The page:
Rooster tried to kill hen

Discussion in 'Managing Your Flock' started by labs3bcy, Jan 7, 2014.

  1. labs3bcy

    labs3bcy Just Hatched

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    I have 9 hens that are 1 1/2 yrs old and a 6 month old hen and rooster that I hatched. I have been noticing the rooster chasing one of the older hens the last few days. My chickens are free range, but due to the cold weather I have kept them in the run. Today when I went out to check on them I thought one of my hens was dead, the feathers on the back of her head were gone and her head was all bloody. The rooster was all bloody as well. I put him in the coop and went to pick up the 'dead' chicken. When I picked her up I realized she was still alive, she was just playing dead so the rooster would leave her alone. She ate and drank and I now have her in the house. I'm not sure if I can put her back with the flock. I have had ducks kill each other after one gets injured and I'm afraid this will happen with her. The rooster has always pen in the same pen with the hens.
     
  2. foreverlearning

    foreverlearning Chillin' With My Peeps

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    Keep her inside until she heals fully and reintroduce her at night to the rest of the flock. As far as the roo goes, if you want to keep him he needs to be taught some manners. Try taking him away from the flock in a small pen or coop for a week for a time out. Some people have to repeat some don't.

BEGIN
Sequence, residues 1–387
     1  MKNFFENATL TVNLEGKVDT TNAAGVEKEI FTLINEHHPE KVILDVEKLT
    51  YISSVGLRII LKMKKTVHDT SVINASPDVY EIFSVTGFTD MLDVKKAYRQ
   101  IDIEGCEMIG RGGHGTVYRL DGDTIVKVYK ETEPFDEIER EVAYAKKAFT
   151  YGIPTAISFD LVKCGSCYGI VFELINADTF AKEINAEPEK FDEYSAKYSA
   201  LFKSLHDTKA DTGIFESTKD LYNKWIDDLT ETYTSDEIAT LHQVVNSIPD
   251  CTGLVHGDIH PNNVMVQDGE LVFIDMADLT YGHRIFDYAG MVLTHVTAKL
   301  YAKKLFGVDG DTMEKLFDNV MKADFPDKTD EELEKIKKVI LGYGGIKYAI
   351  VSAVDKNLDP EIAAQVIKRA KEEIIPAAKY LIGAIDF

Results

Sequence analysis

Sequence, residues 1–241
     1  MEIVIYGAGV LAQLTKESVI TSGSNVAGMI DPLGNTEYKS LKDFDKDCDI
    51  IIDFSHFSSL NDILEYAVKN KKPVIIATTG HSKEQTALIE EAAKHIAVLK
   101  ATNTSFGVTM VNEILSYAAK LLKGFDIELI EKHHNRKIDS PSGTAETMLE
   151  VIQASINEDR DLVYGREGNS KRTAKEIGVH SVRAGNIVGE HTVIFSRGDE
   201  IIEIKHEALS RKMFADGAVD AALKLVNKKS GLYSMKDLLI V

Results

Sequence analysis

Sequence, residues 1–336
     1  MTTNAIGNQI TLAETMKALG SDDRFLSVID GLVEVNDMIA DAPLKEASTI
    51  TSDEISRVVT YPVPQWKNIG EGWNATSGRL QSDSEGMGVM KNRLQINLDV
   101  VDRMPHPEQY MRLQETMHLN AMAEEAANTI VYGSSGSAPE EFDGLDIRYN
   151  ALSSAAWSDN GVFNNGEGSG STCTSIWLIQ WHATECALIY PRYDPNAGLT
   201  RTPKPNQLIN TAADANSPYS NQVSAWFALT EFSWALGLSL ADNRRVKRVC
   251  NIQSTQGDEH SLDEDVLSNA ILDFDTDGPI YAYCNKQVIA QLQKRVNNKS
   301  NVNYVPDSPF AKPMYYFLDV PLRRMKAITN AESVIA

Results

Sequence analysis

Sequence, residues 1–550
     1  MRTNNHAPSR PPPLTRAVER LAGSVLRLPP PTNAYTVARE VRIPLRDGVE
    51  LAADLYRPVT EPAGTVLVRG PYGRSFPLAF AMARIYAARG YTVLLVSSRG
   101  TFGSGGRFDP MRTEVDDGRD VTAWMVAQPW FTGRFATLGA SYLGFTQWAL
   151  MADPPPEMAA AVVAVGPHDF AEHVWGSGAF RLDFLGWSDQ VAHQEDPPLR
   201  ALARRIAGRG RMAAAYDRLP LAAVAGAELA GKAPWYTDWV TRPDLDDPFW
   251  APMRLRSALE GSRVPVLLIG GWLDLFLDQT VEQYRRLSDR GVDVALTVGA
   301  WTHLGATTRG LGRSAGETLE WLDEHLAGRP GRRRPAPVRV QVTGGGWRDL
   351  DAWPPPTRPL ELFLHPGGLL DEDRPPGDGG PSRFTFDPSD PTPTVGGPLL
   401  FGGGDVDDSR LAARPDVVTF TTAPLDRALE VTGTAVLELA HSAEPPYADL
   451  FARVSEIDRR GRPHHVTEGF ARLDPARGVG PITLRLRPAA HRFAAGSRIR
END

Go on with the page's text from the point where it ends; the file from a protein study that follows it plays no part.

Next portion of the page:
3. labs3bcy

    labs3bcy Just Hatched

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    Thanks for your help!
     
  4. delisha

    delisha Overrun With Chickens

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    Chickens are pretty smart..they have instincts we do not see..That male was trying to get her to leave his flock for a reason..Ill or off or over crowded ..He thinks there is something wrong with her. He was trying to remove the threat. I would not return that hen to the flock..It sounds like you have a great male who will protect his flock..even culling when necessary. They are rare and valuable..
     
  5. foreverlearning

    foreverlearning Chillin' With My Peeps

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    For a 6 month old male? That's usually when mine start acting up and my main rooster has to teach them a few things. I am not disagreeing with your judgement, just wanted to make sure it was for that age.
     
  6. wsmith

    wsmith Chillin' With My Peeps

    A 6 month old cockerel is also dealing with overactive hormones, and he MAY have been trying to mate with the hen. He may have tried it repeatedly. This can result in the feathers being gone from the back of the hen's head, and also the blood on both of them. If she resisted, then he may have gotten ahold of her comb as well.

    Young cockerels haven't learned the "art of chicken love" yet, and they are clumsy, forward, agressive, and lack skill. They haven't learned to "woo" the hens. They also lack the respect of the hens, which can result in what you described. He probably needs to be separated for a few days, and then put him back in and observe the flock. Hopefully, if this has ben the case, he will learn some manners. Having an older, respected rooster in the flock teaches the young buks manners to some extent as well.

    Just another possibility.
     
  7. JackE

    JackE Chillin' With My Peeps

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    I had the same problem a coupla years ago with a rooster I got with a new batch of chicks. He got to a certain age and went after one of my older hens. Did the same thing, drove her away, beat her up badly. There wasn't, and still isn't a problem with that hen. She gives me eggs. That rooster gives nothing. And I don't want to hear about how they "Protect" the flock. I lost a bunch of birds, but the funny thing was the roosters, two different ones, were still around after the carnage. As I said in another post, Roosters are nothing but feathered speed bumps, when it comes to predators.